Working 9 to 5 has been a double climate change whammy
October 23, 2020
October 23, 2020
Our analysis of lockdown commuting and carbon emissions in the UK indicates that a better work-life blend is good for the planet
By Keith Mitchell, and Ridhima Sharma
Two legacies of the global post war economy are the five-day working week and the rise of suburbia. Until recently, this has seen the majority of the United Kingdom, driving in and out of suburbia, to clock on at nine and clock off again at five. We know the story: traffic jams and gridlock as we all pile into, and out of, our towns and cities at the same time.
As Dolly Parton put it in her 1980 hit song, “Workin' 9 to 5, what a way to make a livin' - barely gettin' by, it's all takin' and no givin.'”
Now that lockdown has given us a new perspective, we can see first-hand what the benefits would be if we removed this 65-year old habit of air pollution and greenhouse gas emissions. There has though been an additional unseen benefit…
Until recently, our addiction to the 9 to 5 routine has seen us collectively switch off from work, return home and switch on life. Cookers, washing machines, televisions, phone chargers, lights, and even the emerging electric car charger all get flicked on between 5pm and 7pm which sees a surge of power demand across the UK. Our globally revered national grid seamlessly manages this peak in power demand by switching on instantaneous fossil fuel generation – and a mix of coal, diesel, oil and gas power swings into action.
This type of generation capacity has been an essential part of the mix as the energy industry ensures its customers benefit from an uninterrupted supply, a situation exacerbated by the need to balance the intermittency of renewable energy and the peak demands caused by the way we live. Creating the flexibility to meet unlimited peak demand comes at a cost, and importantly represents a large proportion of our national greenhouse gas emissions. Basically, working 9 to 5 creates a double whammy: emissions from peak hour traffic jams and emissions from meeting peak power demand.
Stantec has been undertaking a comparison of pre and post data from the UK-wide lockdown in early 2020 as part of our response to the climate challenge, and our data has shown a clear correlation between the reduction in peak hour commuting during lockdown and a reduction in the need for fossil fuel power generation on the grid. In fact, there was no coal power generation for over two months, and the ‘peaky’ wider fossil fuel use has been…well…less peaky and carbon intensive.
Government data showed that during the lock down we saw a 73% reduction in motor traffic and a 90% reduction in rail travel, driven by the vast majority of non-key workers observing Government guidance to work from home. The reduction in car travel alone could represent approximately 10% of our National Green House Gas Emission Inventory if maintained over the entire year.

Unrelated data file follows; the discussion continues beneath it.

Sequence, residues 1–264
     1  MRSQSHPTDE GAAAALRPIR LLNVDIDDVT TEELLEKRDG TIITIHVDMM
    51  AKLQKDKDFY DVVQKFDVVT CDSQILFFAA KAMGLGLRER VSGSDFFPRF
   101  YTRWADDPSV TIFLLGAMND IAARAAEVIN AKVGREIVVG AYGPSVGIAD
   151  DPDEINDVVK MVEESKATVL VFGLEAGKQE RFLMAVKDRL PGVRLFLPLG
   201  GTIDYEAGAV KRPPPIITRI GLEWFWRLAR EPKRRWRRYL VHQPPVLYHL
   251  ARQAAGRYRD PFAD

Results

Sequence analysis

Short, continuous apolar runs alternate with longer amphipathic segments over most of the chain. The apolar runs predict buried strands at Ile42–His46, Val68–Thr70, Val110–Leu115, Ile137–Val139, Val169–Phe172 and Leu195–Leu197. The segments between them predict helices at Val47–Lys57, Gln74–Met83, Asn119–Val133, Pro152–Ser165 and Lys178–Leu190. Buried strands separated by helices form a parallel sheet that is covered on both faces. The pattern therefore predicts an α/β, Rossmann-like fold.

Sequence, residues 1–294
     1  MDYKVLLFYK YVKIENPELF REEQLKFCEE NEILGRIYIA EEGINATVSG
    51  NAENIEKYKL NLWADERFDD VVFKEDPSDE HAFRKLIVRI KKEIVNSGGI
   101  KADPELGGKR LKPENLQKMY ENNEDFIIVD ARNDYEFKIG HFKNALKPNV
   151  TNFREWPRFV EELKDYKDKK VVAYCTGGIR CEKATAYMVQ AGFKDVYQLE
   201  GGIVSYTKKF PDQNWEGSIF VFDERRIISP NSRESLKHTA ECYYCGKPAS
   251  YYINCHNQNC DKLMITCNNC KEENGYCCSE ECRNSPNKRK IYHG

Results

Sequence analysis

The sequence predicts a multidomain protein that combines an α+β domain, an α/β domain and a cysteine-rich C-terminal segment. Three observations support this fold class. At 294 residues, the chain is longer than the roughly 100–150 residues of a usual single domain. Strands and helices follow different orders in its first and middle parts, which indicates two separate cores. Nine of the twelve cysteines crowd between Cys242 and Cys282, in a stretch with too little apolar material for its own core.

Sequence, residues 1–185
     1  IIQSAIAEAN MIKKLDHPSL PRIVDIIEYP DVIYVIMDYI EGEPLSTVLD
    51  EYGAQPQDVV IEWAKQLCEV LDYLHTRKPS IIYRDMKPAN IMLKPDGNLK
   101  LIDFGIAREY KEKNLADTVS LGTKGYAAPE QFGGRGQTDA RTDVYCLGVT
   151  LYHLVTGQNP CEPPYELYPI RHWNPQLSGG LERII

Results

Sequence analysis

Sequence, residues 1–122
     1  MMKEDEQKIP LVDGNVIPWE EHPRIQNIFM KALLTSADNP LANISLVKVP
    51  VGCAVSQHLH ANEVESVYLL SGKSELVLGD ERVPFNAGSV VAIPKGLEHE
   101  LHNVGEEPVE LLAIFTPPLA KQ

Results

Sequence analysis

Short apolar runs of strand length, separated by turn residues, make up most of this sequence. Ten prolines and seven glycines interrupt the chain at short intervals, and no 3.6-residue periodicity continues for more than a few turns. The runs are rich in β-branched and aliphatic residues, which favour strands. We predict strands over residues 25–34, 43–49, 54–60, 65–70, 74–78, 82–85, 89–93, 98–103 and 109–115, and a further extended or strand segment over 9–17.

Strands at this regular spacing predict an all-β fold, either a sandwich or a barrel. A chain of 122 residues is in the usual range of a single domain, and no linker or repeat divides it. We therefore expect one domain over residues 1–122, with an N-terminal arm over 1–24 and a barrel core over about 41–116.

The combination of avoiding brown peak energy generation needs and renewable energy supply saw the carbon intensity of the grid drop as low as 21gCO2/kwh.
That’s a staggering 90% reduction in energy emissions, supporting the idea that the shift towards a way of working as a work life blend, is significantly better for our planet, not just through a reduction in work related travel but also by smoothing out demand for power generation.
This leads to a very interesting proposition. For the last two decades we have been striving to reduce our impact on the planet through expensive infrastructure and technological development. This has become the backbone of the UK Industrial Strategy’s Clean Growth Grand Challenge and is set to be central to a build back, better styled economic recovery plan. This is not necessarily wrong, but progress over the last 20 years has been slow, often because being green costs too much and creates constraints on viable economic growth.
But now, it turns out that the post war 9 to 5 model has been truly as Dolly sang ‘all takin’ and no givin’’, and that a simple adjustment could have a substantial impact on our greenhouse gas emissions. More interestingly, there are now many reports suggesting that the financial and professional services sector in particular are seeing the benefits of reduced real estate costs and greater productivity. Many businesses are also moving to a flexible working model, creating the additional benefit of a carbon reduction policy that is economically attractive to those that would need to implement it.
Of course, the idea that everyone is going to stop travelling to work is ridiculous. Some jobs simply don’t allow it, and for others – the need for collaboration and social interaction will continue to drive economically agglomerative behaviour and consequential travel demands. But now we know that we don’t need to travel to work every day, nor at peak times, we can begin to plan places to take account of different travel requirements, with different carbon emission outcomes.
Nor is this the only significant change happening, with structural changes also taking place across retail, logistics, manufacturing, health and education, creating more challenges to those of us involved in the planning, design and delivery of new communities. We believe that there is the need for a fundamental rethink across a range of policy areas to ensure we are doing more than shuffling the deck with roughly the same outcomes, and instead transforming how we work to meet the needs of new and existing communities. This will need a holistic approach, cutting across economic, land use, infrastructure and service planning. Over the next few months, we will be focussing on some of the key challenges:
Whilst the challenge for sustainable development might seem to have infrastructure and technology at its heart, we need to find ways of delivering better community outcomes which are also viable and deliverable – investable places.